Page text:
A primal urge

HUMMING IN MY UNIVERSE By Jim Paredes (The Philippine Star) | Updated November 1, 2015 – 12:00am

We have art in order not to die of the truth.— Friedrich Nietzsche

If you are an artist, you may have wondered often what the meaning or purpose of your life and craft are all about.

I still often wonder this, even if I have been an artist for almost all of my life.

When I look at engineers or architects, I can see tangible structures that validate their usefulness in the world. I see doctors and nurses healing people, and I know their work comes to good. I have the same view of plumbers, carpenters, chefs, bakers, street cleaners, garbage collectors and law-enforcement personnel.

They all work and deal with physically tangible things, and we see their effects on people’s lives. It can be empirically proven that they make life better for others.

But what about poets, musicians, painters, sculptors and other artists? What is it that we contribute? Do we make life better for people and society?

I always felt that being an artist was an urge, a compulsion to create. In the early years, I had no concerns about helping people or even thinking of my work in any larger context except pure self-expression. I merely wanted to sing and write songs, nothing more.

There was no great desire to change the world or anything of the sort.

It was during martial law when I suddenly had a change of paradigm. It was a time when the very reason for being an artist — that is, to express oneself — was threatened with illegal detention and the suspension of human rights. Something in me found this revolting. As a free spirit, I was being forced to limit the way I could express myself. Imagination and expression were fettered. It was like we were living in a no-fly zone.

To me, Imelda’s mantra of “the true, the good and the beautiful” was about limiting directions and horizons where artists can go. It was all pretty words to hide the suppression and repression that was martial law. We could only create pretty things that did not upset anyone or raise any important issues in society.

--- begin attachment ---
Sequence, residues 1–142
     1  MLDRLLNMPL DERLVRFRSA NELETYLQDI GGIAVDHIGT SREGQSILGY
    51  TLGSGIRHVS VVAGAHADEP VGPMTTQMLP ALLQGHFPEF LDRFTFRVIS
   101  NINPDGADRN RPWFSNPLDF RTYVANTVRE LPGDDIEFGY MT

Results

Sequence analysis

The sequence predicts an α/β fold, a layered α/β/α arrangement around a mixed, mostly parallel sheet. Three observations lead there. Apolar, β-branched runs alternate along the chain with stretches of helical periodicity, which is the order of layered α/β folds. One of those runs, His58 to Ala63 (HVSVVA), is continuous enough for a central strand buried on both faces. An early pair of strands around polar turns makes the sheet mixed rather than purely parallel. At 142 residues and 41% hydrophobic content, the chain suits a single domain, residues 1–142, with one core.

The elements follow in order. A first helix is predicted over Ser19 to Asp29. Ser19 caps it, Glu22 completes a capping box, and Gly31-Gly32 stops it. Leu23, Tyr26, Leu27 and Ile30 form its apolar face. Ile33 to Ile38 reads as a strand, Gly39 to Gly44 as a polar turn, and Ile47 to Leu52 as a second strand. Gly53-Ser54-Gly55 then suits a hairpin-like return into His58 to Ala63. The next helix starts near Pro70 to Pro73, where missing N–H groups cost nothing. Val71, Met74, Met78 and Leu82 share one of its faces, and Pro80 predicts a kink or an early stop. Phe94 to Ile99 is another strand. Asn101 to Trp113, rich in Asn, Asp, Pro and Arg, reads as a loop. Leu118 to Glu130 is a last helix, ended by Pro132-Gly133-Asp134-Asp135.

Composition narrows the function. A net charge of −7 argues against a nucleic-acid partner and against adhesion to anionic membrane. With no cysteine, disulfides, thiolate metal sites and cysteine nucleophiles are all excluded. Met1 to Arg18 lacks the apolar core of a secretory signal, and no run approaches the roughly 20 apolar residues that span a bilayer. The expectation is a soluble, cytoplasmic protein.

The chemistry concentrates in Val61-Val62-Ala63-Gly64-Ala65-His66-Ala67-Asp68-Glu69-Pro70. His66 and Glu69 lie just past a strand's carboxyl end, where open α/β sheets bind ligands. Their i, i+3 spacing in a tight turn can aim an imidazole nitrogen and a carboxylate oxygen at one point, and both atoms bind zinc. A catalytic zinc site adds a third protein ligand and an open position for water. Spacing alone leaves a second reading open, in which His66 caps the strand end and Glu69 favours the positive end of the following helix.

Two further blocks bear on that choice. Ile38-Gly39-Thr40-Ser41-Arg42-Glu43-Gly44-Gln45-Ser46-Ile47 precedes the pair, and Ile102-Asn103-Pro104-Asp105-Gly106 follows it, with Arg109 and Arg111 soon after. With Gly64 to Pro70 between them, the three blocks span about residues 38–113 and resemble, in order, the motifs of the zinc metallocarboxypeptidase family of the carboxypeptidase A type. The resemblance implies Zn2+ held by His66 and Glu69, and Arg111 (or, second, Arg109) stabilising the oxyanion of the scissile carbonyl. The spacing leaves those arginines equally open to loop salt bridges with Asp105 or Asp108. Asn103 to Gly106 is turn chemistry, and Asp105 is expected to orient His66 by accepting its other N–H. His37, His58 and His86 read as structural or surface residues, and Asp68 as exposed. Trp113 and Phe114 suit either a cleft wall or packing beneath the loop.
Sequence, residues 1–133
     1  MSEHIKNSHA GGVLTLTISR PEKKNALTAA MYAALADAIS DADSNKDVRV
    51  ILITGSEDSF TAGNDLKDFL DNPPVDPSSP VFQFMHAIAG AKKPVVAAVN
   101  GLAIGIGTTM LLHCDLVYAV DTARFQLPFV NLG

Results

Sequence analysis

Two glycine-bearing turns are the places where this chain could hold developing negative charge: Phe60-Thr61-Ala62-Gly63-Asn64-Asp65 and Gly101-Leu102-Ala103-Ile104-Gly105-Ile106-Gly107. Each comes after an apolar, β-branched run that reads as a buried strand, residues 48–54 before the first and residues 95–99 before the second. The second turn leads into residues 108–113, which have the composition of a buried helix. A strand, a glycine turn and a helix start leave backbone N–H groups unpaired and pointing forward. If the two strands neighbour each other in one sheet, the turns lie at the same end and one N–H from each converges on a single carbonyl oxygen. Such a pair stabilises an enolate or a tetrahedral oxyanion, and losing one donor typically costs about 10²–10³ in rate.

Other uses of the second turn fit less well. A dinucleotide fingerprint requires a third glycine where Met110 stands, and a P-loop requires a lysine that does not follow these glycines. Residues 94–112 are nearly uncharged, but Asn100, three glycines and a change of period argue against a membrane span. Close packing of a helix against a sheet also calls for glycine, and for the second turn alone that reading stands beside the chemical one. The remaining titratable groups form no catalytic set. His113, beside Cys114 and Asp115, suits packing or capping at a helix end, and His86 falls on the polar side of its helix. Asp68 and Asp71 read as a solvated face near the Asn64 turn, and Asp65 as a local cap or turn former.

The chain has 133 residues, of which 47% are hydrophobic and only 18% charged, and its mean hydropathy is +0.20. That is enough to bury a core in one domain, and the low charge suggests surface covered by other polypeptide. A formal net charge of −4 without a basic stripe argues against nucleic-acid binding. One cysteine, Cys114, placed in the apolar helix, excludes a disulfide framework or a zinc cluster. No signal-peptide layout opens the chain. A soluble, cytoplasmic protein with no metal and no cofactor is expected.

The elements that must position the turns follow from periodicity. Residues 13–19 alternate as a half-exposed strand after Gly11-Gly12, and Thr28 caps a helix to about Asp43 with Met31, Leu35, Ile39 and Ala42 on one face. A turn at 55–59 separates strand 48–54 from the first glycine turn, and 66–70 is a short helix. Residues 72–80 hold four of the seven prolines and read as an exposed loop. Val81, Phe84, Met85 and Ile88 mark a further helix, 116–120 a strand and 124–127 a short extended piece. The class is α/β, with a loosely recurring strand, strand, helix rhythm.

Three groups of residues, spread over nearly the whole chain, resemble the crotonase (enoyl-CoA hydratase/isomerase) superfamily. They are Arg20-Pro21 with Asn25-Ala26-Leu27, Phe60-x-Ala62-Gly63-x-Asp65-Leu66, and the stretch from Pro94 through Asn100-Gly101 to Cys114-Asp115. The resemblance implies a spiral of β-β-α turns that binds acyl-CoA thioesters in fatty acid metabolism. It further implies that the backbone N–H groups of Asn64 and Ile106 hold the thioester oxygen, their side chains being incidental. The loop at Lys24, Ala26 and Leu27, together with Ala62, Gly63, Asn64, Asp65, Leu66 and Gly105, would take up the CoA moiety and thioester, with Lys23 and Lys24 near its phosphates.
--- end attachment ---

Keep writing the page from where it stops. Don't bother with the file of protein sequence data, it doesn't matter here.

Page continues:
During that time, I also saw some of my great teachers, people who opened my mind, locked up in jail. I read about Pablo Picasso and other artists who stood up against the dictatorships in their own nations. Charlie Chaplin used his persona to make a film called The Great Dictator in which he ridiculed and railed against Adolf Hitler.

Those times of repression were a defining moment for me. I felt turmoil inside. It was a clash between being an artist and avoiding trouble or expressing feely what I wanted to say. I could not continue being oblivious to the society I lived in. I had to be honest and choose whether I was a free artist, or I was not. I chose to be a free one.

That was when I learned to pay attention not just to the style of music I created, but also to the content of my songs.

It was both scary and exhilarating to freely speak one’s mind against the dictatorship that was a threatening presence to everyone. But I had already awakened to the larger meaning of what expressing art was all about. There was no turning back.

To this day, when I find myself swimming against the tide as I express my opinions, I still feel scared. But an urge is an urge, and an itch must be scratched. An artist must express. It is a primal urge.

The world speaks to everyone. Others may not notice it, or simply opt to keep the dialogue to themselves. But an artist must, on some level, talk about his conversation with the universe. He must talk about what he finds meaningful in the world so that he may share this with others.

“When your mind is simply trapped by the image out there so that you never make the reference to yourself, you have misread the image,” wrote my idol, Joseph Campbell. A shared common experience for all of us at times: we miss out or fail to interpret the meaning of events and things. This is where visionaries, artists can come in with their insights on life and the world.

With artistic messaging and style, the truth out there becomes clear enough to understand. An artist can inspire and enlighten if he chooses to. When art moves people to action, it leads to something tangible.

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